Elizabeth Dunlap | Crain's Indianapolis

In this ongoing series, we ask executives, entrepreneurs and business leaders about mistakes that have shaped their business philosophy.

Elizabeth Dunlap

Background:  

Indiana University Health is Indiana’s largest healthcare system and a partner of the IU School of Medicine, the nation’s largest medical school. Dunlap previously was chief people officer at Panera Bread, headed HR at auction house Christie’s, and worked in HR at Campbell Soup and at The Walt Disney Co. 

The Mistake:

About 15 years ago I asked for the opportunity to get a coach. While going through a lengthy process of both behavioral assessment and interviews, one of the pieces of feedback that I got was that I needed to do a better job of connecting with people on an emotional level.

I was given a number of ideas or tools that I could use to do that. One suggestion from my coach was writing a personal note to somebody could be tremendously impactful. The note could be for anything: a job well-done, acknowledgement of a life event, a “welcome to the team.”

So I thought, “OK, I’ll start my letter-writing campaign.” And I was absolutely blown away by the impact it had on people just by receiving a hand-written note from me.  I would say in probably 50 percent of the cases I got a return note back, thanking me for my note. So I knew it was making a difference, in that somebody took the time to acknowledge the receipt of it and conveyed what it had meant.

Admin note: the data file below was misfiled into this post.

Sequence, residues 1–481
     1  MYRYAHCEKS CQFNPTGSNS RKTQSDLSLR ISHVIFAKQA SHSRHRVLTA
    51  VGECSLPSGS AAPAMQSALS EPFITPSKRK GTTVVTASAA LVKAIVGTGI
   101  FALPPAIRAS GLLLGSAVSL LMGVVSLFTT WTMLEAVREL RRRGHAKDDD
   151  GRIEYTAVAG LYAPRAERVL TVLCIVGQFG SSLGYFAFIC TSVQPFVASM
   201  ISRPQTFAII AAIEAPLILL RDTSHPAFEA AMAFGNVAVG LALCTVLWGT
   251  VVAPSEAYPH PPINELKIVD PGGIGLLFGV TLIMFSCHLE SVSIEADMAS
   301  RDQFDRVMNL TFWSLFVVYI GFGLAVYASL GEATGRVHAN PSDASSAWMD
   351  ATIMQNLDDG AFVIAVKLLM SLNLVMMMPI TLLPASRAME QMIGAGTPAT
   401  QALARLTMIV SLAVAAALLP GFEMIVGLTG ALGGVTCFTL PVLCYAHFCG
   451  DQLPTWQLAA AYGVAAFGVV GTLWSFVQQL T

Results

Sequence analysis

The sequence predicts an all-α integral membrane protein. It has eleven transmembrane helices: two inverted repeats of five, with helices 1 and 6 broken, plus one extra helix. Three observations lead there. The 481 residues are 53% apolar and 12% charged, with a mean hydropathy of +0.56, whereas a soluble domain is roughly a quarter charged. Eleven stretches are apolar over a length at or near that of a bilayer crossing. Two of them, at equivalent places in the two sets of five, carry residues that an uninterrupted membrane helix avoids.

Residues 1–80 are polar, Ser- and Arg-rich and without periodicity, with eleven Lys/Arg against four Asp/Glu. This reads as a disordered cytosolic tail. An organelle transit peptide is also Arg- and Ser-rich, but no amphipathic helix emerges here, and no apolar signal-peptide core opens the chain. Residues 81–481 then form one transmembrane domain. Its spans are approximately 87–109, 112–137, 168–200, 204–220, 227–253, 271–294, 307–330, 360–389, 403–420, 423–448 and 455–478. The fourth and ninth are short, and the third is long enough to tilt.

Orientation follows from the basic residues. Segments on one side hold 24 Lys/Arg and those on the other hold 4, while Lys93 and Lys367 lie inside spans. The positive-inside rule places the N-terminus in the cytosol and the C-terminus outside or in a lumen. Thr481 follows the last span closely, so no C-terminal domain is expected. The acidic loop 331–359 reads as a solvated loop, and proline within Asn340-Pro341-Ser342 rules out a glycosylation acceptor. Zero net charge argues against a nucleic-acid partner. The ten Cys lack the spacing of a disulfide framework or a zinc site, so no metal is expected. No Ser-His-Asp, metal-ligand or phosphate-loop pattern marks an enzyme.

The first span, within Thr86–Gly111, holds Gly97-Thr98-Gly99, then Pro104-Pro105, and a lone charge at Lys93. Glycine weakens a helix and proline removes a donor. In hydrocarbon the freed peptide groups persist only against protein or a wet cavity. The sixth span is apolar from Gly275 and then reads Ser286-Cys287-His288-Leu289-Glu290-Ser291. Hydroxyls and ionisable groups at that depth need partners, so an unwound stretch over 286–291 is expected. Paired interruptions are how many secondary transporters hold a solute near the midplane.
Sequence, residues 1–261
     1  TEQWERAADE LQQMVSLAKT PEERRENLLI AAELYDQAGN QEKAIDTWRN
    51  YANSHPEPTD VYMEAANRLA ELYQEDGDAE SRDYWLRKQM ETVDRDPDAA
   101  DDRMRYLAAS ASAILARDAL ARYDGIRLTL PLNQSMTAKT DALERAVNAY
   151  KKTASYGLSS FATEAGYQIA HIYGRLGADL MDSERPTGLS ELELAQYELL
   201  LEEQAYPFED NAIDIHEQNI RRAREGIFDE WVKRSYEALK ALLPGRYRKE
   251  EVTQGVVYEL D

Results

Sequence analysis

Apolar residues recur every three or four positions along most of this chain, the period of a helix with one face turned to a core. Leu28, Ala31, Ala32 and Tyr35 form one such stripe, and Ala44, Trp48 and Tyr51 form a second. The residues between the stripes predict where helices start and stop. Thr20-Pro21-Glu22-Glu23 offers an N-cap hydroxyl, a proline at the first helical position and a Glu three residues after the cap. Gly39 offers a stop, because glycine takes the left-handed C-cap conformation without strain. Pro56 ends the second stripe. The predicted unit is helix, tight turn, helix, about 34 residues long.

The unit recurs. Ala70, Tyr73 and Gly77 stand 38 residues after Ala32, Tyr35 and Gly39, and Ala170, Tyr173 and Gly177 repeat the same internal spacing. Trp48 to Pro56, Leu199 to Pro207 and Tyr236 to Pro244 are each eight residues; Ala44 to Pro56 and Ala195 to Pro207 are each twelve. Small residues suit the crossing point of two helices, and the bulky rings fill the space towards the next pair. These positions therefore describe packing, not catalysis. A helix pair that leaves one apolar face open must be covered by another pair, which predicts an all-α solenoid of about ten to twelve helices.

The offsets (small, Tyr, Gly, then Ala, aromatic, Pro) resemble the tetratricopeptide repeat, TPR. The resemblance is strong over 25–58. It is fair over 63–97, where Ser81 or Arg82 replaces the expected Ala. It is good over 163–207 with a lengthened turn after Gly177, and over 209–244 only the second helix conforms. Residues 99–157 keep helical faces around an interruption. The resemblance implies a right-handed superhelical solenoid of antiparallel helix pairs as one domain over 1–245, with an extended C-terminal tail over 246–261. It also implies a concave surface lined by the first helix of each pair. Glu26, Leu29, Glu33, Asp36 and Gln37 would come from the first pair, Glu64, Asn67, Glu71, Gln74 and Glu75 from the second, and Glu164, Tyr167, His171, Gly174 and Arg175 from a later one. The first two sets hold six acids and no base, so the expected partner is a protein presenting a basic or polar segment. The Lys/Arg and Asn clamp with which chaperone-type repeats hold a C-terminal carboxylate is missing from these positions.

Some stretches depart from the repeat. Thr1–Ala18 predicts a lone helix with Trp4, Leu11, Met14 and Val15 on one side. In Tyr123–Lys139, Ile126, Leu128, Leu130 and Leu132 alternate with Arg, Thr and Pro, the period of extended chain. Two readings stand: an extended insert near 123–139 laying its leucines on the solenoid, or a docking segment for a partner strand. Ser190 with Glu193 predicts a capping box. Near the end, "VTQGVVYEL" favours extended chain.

I was absolutely blown away by the impact it had on people just by receiving a hand-written note from me.

The Lesson:

One of the notes I shared that drove home what it means to people, was when I was working for Christie’s.  We had conference rooms that you would use when people came from outside to have a meeting with us.  The conference rooms weren’t always very well managed. Often you’d walk in at your appointed time and the room would be a disaster. There were no trash cans and you can imagine.

So I went to a team that worked nearby, our mail delivery team, and asked the manager if it would be possible for their team to check on these rooms a couple of times during the day and just make sure they were cleaned up.  We added something as simple as trash cans and made sure that the room was stocked so people had the supplies they would need. It made an unbelievable difference just having this team stop by to be sure that that those rooms were organized during meetings.

So I wrote the team a note and told them I appreciated that they agreed to take on this additional responsibility and what a difference it had made to me and to the impression of Christie’s.

The manager, after he got the note, called me and said that it was the first time in his career that anybody had ever taken the time to thank his team for something and that the power of that note to his team was unbelievable. It just made me feel so good that I had taken the time to write it and to send it, and to how well-received it was and the power that it had. That was just a really a lovely example of making that personal connection with people and acknowledging and appreciating their worth.

I was absolutely blown away with the power that simple act had.

I’m reminded of that whenever I’m walking the halls and I pass the office or cubicle of someone to whom I’ve written a note, and I’ll see the note tacked up on display. My coach was right. 

Follow IU Health on Twitter at @IU_Health.

Pictured: Elizabeth Dunlap | Photo courtesy of IU Health.